Where does Woodson play with the Packers? He is probably guaranteed a starting cornerback position. Signing another cornerback is not a bad idea. With Woodson starting, CB Ahmad Carroll is the 3rd cornerback, but he will be on the field in the nickel package at least 50% of the time. If Woodson can't play cornerback and is forced to play safety, then he would have to take the place of Thompson's prized free agent signing S Marquand Manuel. Maybe S Nick Collins would move to cornerback? Would any reporter ask Thompson to explain why the Packers might have two high priced mediocre safeties (Woodson and Manuel) one season after Thompson forced Pro Bowl S Darren Sharper to Minnesota over a relatively small paycut?

Woodson can definitely help with kick or punt returns, assuming he is healthy to play 16 games next season. He is a high priced talent (or maybe just high priced) who is better suited to play a different position because of frequent injuries over the past four seasons. He probably chose Green Bay because it was his only choice willing to pay him what he felt he deserved and play him at cornerback. He could help the team out next season, but there is a lot of risk that this will be a bust.

Monday, April 24, 2006

GM Ted Thompson won't rule out drafting a quarterback. GMs are required to mislead as much as possible before the draft. Maybe if QB Aaron Rodgers was drafted by Mike Sherman before Thompson was hired, it would be possible that Thompson would consider drafting a quarterback. But it is impossible that Thompson would throw his own choice under the wheels without even giving him a chance to start. The only concern is that Thompson has had a number of bad ideas as GM and drafting another 1st round quarterback to create competition might be another one of them.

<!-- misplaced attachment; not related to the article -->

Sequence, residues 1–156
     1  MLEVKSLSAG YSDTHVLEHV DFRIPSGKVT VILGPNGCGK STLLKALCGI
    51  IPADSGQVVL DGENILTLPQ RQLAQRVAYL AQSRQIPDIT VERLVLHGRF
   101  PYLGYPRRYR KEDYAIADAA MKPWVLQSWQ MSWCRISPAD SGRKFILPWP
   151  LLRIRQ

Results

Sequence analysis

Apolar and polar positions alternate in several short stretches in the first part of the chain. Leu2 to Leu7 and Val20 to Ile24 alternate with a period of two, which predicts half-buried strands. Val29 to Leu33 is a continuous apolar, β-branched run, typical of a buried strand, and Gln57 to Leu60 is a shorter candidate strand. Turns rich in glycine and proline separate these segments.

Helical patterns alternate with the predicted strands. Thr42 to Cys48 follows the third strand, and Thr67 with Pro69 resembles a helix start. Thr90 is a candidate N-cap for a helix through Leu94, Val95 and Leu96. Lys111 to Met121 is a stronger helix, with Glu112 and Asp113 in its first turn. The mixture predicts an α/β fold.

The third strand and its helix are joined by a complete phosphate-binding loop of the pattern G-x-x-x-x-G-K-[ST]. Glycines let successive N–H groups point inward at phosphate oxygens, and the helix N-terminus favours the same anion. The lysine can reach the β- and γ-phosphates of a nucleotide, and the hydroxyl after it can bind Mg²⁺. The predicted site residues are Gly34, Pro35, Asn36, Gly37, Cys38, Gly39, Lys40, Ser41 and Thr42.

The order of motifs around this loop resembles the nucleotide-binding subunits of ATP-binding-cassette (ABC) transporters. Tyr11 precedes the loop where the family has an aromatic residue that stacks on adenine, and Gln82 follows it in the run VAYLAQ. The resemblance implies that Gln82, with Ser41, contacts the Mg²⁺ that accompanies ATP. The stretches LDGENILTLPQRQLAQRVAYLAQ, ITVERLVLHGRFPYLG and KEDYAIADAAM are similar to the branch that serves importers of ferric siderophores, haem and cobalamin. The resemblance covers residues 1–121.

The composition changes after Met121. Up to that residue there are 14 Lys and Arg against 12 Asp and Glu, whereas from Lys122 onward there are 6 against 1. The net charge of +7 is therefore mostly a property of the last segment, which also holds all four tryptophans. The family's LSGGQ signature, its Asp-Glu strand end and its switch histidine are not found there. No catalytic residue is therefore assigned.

Football Outsiders had an article posted in March and the author concluded that QBs Matt Leinert, Vince Young, and Jay Cutler should all have some success in the NFL. The reason all three would have success is that "the two most predictive college statistics are completion percentage and games started." Rodgers didn't have a huge number of starts at California (22), but that is deceiving because he only played 2 seasons at Cal and he started every game except his first game in a Bears uniform. His completion percentage in his 2 seasons was 61.6 and 66.1. It would appear that Rodgers has just as much chance to succeed as Leinert, Young, or Cutler. The biggest concerns with Rodgers is that he doesn't have the physical makeup scouts prefer for a quarterback and that he is very comparable to a former Packers bust QB Rich Campbell (1st round selection, high completion percentage, played at California). The Rich Campbell similarities alone would have made me pass on drafting him, but Thompson was playing linebacker for Houston back then and probably not paying attention to the draft decisions of Bart Starr.

The worst part of selecting a quarterback is that it appears that QB Brett Favre is waiting until after the draft to see if the Packers make any improvement to the offense, and selecting another quarterback in the 1st round would not be what Favre had in mind.

It is no surprise that LB Lavar Arrington would choose the NY Giants over the Packers. With so much unknown about the Packers at this point (Will Favre return? Will Thompson ever make the right decisions in free agency? Will the team have to completely rebuild after 2006?), it made little sense to sign Arrington. It is amazing what a difference a season makes; if Arrington was available this time last season, then signing him would have been a great move to upgrade from LB Hannibal Navies.